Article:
Re: Some comments about GVFS


Benjamin Otte wrote:
To bring up some examples: GdkPixbufLoaders, GKeyFile, GBookmarkFile, GMarkup.

I'd be for that in the case that the API has a "required ending call," the equivalent of close(). Then you can "force" error checking on that last call with a GError or warn_if_unused approach and in theory people could skip the intermediate error checks. That makes sense.

I'm not sure there are "unavoidable-and-ignorable" errors.

To me anything that could happen to cairo_t is probably in this category... what am I going to do if I draw a rectangle and it fails? I really have no idea what kind of "recovery" code I'd write for that. Certainly nobody is writing such code that I've seen. I don't even know where the error check would go - in every widget's expose handler? In the toplevel event loop?

Is there anything that could happen to cairo_t in this category? I don't know. I'm mostly assuming there is because I have no idea what the cairo_t error state is for otherwise ;-) (other than as an internal "make everything a noop" flag)

My guess is that out of memory (on client side or X server side) is in this category in cairo, it silently doesn't draw if OOM occurs, no?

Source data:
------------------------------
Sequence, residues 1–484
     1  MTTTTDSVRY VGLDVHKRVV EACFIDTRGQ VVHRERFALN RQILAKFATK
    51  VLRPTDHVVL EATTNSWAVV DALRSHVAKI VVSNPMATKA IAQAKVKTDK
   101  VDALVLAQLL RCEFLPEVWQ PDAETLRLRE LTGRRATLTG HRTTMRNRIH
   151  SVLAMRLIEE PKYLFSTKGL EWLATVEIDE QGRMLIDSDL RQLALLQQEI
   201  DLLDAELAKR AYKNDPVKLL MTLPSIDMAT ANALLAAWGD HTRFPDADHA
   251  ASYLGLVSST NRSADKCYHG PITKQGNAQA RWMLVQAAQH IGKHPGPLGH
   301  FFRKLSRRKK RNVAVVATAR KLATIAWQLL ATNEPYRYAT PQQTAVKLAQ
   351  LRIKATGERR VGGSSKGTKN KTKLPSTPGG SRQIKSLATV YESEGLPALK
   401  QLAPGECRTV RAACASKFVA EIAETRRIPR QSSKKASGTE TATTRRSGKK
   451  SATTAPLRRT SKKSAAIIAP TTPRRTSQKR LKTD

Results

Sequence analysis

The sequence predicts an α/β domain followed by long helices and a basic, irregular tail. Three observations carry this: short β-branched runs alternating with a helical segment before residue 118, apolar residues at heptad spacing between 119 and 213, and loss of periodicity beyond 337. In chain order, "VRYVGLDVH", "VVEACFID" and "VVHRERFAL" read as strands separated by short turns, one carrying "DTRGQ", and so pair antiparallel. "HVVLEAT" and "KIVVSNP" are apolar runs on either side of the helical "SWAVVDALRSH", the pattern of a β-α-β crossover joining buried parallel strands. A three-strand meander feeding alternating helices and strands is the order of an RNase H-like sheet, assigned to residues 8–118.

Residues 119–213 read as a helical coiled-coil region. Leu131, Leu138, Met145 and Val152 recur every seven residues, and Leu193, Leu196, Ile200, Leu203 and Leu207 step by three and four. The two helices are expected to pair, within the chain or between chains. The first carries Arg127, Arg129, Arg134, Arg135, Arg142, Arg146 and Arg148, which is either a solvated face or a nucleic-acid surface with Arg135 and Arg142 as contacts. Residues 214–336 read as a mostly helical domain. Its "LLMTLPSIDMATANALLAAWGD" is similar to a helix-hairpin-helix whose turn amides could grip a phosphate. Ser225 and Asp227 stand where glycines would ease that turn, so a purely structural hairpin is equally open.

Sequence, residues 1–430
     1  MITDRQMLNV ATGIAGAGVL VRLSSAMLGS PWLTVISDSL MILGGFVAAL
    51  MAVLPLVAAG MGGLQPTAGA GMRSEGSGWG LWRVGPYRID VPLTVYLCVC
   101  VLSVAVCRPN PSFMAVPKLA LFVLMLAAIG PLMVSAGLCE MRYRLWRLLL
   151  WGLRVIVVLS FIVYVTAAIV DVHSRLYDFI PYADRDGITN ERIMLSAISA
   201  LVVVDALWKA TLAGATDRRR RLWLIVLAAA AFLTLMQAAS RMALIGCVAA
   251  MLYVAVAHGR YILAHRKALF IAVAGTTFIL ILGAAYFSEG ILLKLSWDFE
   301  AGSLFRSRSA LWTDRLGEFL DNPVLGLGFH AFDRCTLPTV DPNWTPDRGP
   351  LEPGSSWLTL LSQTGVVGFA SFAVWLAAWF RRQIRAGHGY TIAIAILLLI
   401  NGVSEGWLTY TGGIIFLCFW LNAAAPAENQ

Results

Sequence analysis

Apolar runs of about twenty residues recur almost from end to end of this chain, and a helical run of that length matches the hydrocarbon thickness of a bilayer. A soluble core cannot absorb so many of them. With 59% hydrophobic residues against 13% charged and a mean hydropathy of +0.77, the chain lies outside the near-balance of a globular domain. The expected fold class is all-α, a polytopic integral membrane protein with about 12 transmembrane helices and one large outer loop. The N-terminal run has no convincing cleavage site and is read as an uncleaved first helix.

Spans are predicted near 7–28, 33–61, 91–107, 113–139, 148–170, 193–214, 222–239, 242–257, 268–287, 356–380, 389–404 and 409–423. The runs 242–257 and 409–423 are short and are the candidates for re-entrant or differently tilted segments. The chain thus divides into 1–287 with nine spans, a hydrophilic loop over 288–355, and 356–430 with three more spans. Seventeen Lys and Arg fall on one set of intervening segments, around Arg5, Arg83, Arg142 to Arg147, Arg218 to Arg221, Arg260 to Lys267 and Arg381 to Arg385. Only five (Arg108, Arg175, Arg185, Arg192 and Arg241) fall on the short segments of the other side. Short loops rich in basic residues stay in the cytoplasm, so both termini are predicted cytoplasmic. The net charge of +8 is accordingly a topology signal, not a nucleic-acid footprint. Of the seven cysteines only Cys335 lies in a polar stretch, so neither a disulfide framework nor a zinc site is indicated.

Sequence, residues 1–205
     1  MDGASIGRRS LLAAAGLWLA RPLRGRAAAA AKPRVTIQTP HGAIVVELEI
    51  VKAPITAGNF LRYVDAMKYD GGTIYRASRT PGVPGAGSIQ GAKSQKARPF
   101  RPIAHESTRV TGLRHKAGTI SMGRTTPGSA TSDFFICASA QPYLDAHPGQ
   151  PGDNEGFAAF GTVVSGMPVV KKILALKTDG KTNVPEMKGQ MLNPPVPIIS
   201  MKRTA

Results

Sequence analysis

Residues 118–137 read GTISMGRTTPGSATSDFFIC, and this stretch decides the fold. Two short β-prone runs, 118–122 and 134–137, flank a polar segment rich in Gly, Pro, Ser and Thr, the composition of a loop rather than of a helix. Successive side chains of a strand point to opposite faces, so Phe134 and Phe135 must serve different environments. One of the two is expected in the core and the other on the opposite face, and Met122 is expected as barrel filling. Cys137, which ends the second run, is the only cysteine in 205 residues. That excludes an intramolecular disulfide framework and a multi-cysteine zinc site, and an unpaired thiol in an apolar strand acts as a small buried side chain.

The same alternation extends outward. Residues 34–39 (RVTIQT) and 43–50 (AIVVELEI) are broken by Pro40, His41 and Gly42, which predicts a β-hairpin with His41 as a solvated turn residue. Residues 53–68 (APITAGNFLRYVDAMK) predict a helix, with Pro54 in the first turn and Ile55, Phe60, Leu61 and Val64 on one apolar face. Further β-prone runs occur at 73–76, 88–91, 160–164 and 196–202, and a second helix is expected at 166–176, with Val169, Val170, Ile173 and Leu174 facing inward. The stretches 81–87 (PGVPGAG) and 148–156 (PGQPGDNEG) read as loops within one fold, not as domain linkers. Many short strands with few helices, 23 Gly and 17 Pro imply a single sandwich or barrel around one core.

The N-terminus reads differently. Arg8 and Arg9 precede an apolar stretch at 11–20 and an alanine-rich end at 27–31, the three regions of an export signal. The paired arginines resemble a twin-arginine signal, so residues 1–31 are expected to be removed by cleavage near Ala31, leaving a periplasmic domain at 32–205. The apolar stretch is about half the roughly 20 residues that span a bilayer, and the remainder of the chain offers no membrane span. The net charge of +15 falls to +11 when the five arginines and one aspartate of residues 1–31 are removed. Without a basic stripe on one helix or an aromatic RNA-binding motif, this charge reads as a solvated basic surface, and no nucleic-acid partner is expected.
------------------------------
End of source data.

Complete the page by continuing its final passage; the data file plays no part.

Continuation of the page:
You're right that if this class of error exists it's pretty rare. It would probably mean a bug or at least design bug in something, though possibly not your own app.

At least
I'm not very impressed by the error reporting of Gtk when X has
problems. (That one's probably mostly Xlib's fault though).

Examples? Any recoverable error it should handle for you or report to you, the main unrecoverable error is BadAlloc which causes a g_error just like out of memory on the client side, and then some X errors are programming errors which GTK often tries to predict for you with return_if_fail but sometimes does not catch. Most X errors I would say are programming errors, the big exception is that if you are messing with another process's windows (as a WM does) there are lots of unavoidable but recoverable errors.

Patches adding return_if_fail to avoid all the "programming error" Xlib errors would probably be accepted, is my guess.

Xlib is definitely guilty of mixing up different kinds of error into one system that isn't appropriate or convenient for any kind of error...

And to say it once again: It's nice that the object carries the object
around with it. That way I don't have to carry the Error around myself
all the time as an extra argument.

As long as the individual calls failing don't affect control flow, there's some "close()" call that reminds you to grab the error, and the errors are interesting/recoverable in the first place, I agree this is nice.


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